We’re Not Lost. We’re Here: Finding Yourself In The Red Desert

November 3, 2015

It wasn’t hard to convince me to take an EcoFlight over the Red Desert. And when I found out I could also go camping with a pair of Red Desert artists, I jumped at the chance to produce a series about the Red Desert for Wyoming Public Radio. I’d been wanting to get back out into that landscape for a long time. Some of my earliest memories are of the Red Desert and the expanses of yellow sand where my brother and I played during a camping trip out to my dad’s oil rig site.

This was back in the old days when a man camp meant actual camping. We parked our travel trailer right next to the rig. I remember the feeling of true isolation, all that distance we’d driven and then… why here? That’s a weird thing to experience, but especially at seven years old. But I wasn’t afraid. My brother and I wandered deep into the Killpecker Sand Dunes without thinking once to look for landmarks. We didn’t consider ourselves lost. My mother did. She sent one of the other roughnecks out to find us—Bob, who ended up becoming a good family friend. He found us and laughed at how confused we were by his arrival.

“Lost? We’re not lost. We’re here.”

But flying over the Red Desert, it’s hard to locate the “here” of the place. Up there, the land looks like an abstract painting, greens and oranges washing off strange formations made by wind and water. Distances are incomprehensible between landmarks. And when I saw a herd of wild horses, I thought the same thing…why there?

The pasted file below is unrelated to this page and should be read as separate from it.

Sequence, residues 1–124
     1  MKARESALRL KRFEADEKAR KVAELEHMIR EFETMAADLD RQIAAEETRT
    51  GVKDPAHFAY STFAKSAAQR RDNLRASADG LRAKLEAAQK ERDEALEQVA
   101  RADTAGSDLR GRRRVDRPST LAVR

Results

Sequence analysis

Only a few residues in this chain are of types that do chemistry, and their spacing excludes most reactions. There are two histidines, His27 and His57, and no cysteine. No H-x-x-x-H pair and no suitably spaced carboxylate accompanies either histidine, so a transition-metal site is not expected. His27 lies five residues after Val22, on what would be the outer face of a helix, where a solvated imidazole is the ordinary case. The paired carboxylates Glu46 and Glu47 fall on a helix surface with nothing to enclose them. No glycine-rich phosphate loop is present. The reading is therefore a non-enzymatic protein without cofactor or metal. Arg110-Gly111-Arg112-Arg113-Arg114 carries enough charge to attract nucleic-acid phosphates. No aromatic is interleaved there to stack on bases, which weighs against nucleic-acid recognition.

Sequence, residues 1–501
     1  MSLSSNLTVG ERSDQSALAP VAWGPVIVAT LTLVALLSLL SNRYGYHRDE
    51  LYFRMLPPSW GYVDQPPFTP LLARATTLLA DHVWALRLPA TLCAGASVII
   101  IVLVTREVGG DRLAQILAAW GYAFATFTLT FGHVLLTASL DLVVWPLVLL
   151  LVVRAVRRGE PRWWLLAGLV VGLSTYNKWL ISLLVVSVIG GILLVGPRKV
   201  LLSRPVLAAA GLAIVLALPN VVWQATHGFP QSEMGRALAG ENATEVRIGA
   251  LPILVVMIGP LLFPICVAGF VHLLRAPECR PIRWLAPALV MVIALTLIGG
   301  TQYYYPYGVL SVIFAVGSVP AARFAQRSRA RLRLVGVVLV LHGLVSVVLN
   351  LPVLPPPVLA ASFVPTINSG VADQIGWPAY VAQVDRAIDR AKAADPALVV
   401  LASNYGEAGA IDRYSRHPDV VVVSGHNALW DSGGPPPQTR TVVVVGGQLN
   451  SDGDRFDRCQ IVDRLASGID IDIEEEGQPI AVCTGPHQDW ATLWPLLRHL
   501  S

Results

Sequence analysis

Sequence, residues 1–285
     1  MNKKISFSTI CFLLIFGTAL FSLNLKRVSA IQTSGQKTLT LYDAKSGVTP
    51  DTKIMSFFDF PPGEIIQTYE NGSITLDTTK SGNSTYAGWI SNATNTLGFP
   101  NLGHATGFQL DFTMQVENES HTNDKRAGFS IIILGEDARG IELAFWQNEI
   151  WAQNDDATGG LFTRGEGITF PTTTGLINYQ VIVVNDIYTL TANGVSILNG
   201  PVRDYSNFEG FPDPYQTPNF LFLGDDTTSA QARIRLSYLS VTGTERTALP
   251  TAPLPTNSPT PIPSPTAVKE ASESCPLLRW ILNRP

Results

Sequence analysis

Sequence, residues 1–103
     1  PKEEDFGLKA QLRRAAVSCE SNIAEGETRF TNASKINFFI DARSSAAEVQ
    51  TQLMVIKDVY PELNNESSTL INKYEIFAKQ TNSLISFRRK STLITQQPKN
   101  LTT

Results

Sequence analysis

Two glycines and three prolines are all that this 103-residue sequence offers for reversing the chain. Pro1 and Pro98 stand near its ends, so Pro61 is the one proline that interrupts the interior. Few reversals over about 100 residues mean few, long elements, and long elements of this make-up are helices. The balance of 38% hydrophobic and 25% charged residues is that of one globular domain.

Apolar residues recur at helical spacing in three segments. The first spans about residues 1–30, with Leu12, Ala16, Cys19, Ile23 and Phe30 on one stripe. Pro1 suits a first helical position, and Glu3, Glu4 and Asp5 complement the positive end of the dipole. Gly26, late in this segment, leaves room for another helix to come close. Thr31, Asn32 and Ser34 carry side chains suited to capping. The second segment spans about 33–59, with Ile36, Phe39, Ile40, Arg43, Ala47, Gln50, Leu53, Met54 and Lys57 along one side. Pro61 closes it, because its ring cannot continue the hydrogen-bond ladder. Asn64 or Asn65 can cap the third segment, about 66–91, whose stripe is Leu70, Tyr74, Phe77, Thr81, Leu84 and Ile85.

Before my trip to the artist camp, my dad and I pored over Gazette maps. When I told him I wanted to drive out to see the Pinnacles, he looked skeptical.

“It’s easy to get lost out there,” he said. “If you get nervous, turn back.”

My husband and I drove for hours and never reached the Pinnacles. We got nervous before we made it. It’s not a good feeling when you’re driving on a road that grows over with flowers. Or when the name and number of that road split, the name going one way, the number going the other. I guess maybe I’d lost my childhood comfort with extreme solitude.

But I didn’t outgrow my fascination with what thrives there. We watched through binoculars as a herd of more than 60 desert elk migrated by, single file. Among them, about seven bulls and numerous calves. And that night, sleeping in the back of our car, I stuck my microphone out the door and collected the sound of coyotes. Jack rabbits, wild horses, hawks, ducks, we saw them all during our visit.

But the truck traffic in and out of well sites is ever present out there, even during this energy slump. And when we wanted to use a porta-potty at one of the well sites on our way out, we felt what wildlife must feel when a hard-hatted man appeared on top of a tank and eyeballed us. We backed off and found a bush instead.

The Red Desert is a wild place, but is it a wilderness? I can’t say. All I know is that from the air and from its back roads, I’ve felt how small one person can be compared to an unbroken landscape. And that’s a very rare feeling indeed in this day and age.

Melodie Edwards, Wyoming Public Radio reporter 

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